Tag Archives: public health

Wuhan Effectively Quarantined As Coronavirus Estimate Doubles

Wuhan skyline seen in 2018. Photo credit: Majorantarktis. Licensed under Creative Commons Attribution-Share Alike 4.0 International.

THE TEAM AT the MRC Centre for Global Infectious Disease Analysis at Imperial College London that first suggested that the numbers of those infected with the Wuhan Coronavirus had been significantly undercounted has now increased to 4,000 its estimate of how many are sick with the virus.

The more than doubling of the original estimate is based on re-running the initial calculations using the now-known higher number of confirmed international cases, which is the basis for the model. The first estimate assumed three known international cases. That number has risen to at least seven. Hong Kong has just reported the first two cases there.

The scientists caution that the doubling of their estimates ‘should not be interpreted as implying the outbreak has doubled in size’, just their estimation of it. Certainly, authorities have increased both detection and reporting in recent days, which is one reason that the reported numbers have been rising rapidly.

The gap between the new estimate and the number of reported and suspected cases suggests the outbreak, even if contained, is far from over, and especially as human-to-human transmission has been confirmed.

Meanwhile, Wuhan has been as good as quarantined with transport within the city shut down, ferries and long-distance buses suspended and the airport and train stations closed, all indefinitely. Authorities had already told people not to travel to or from the city, regardless of the forthcoming Lunar New Year holiday.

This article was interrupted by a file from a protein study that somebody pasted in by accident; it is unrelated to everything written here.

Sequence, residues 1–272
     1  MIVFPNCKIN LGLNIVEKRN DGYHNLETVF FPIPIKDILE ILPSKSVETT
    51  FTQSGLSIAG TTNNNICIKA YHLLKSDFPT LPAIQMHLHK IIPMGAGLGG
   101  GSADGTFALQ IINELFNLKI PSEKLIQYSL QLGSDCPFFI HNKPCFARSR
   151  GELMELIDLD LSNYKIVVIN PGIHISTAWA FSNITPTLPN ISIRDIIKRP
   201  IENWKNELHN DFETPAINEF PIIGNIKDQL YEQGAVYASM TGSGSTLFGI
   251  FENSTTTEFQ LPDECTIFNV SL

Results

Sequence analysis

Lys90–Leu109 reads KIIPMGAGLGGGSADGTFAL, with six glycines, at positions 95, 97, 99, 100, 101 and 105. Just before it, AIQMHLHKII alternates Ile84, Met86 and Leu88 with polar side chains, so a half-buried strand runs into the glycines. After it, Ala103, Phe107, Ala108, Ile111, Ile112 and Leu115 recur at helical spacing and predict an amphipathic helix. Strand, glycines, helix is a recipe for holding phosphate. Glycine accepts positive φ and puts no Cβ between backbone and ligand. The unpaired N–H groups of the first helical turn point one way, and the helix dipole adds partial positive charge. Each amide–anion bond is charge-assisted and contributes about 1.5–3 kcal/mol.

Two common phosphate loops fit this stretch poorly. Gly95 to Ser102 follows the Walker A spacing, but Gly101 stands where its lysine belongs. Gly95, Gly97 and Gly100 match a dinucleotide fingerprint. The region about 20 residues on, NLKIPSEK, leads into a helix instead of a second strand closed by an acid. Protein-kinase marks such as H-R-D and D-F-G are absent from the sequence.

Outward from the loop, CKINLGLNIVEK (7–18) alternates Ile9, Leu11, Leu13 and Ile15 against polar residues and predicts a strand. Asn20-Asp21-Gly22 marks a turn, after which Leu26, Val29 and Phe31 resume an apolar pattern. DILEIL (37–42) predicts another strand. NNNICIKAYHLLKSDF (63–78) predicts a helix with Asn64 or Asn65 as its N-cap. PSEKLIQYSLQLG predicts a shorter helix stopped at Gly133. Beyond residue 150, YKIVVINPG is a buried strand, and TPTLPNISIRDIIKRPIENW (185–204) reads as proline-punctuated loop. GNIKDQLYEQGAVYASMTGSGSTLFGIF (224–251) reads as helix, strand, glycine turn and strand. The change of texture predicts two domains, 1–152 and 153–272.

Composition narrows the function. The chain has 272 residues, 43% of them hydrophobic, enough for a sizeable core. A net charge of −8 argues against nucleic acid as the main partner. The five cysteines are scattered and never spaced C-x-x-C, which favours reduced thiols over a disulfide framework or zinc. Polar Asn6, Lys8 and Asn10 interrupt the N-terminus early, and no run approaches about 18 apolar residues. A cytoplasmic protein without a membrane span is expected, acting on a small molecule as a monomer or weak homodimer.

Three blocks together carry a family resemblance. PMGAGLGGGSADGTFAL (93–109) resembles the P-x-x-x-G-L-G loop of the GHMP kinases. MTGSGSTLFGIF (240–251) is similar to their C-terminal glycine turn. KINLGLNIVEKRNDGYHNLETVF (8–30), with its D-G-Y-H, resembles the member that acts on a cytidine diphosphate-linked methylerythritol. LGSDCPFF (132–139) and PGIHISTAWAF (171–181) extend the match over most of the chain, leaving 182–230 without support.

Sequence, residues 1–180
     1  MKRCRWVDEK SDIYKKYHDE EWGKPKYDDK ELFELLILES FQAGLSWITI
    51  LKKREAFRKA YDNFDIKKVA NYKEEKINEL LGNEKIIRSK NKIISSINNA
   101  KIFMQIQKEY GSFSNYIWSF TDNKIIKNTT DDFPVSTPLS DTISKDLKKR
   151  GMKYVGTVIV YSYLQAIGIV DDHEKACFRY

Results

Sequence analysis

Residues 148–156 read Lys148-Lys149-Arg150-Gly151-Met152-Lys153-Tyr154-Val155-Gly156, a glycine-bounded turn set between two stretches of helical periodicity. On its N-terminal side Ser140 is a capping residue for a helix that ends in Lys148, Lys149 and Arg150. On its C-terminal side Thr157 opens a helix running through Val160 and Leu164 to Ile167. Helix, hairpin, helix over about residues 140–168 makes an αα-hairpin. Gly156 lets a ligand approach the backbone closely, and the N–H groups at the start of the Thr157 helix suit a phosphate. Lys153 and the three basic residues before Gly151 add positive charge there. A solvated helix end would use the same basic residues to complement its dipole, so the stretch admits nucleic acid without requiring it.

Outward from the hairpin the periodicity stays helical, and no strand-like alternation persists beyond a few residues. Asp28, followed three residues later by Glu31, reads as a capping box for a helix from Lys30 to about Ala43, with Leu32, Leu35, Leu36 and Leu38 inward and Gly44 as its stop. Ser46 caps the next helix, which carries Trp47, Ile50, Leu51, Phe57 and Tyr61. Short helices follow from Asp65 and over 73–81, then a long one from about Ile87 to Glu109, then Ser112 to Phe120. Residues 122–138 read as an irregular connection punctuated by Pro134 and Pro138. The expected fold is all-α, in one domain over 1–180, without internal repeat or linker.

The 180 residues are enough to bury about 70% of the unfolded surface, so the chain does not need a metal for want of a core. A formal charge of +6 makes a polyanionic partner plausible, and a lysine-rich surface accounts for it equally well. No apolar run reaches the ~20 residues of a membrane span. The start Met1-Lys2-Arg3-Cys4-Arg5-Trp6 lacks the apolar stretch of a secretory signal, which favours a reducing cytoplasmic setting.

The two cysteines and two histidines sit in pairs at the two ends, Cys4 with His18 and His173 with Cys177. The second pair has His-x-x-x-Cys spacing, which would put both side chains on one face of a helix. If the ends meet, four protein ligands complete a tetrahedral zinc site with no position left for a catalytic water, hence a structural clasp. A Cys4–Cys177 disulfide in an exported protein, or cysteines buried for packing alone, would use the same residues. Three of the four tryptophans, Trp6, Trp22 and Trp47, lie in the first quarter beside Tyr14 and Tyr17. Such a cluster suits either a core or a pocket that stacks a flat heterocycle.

Dr Tedros Ghebreyesus, director-general of the World Health Organization, called the transport ban a “very strong measure” to control the outbreak domestically and internationally. The WHO’s meeting to decide whether to declare the outbreak a global health emergency will continue into a second day.

The latest number of confirmed cases has risen above 500 with 17 deaths, all in or around Wuhan. Insurance policies are being relaxed and supplemented to ensure that cost is not a deterrent to individuals submitting to detection and treatment.

Update: A second city, Huanggang, about 70 kilometres from Wuhan and where there has been a dozen cases reported, is also to be put on lockdown.

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Wuhan Coronavirus Numbers Rise

NEW CASES OF the Wuhan Coronavirus outbreak are being reported thick and fast. On January 20, an additional 77 confirmed cases were posted, taking the total to 291 (Update: 440, with an additional 149 new cases confirmed on January 21) in China with 54 suspected instances. The death toll has reached six (Update: nine), all in or around Wuhan.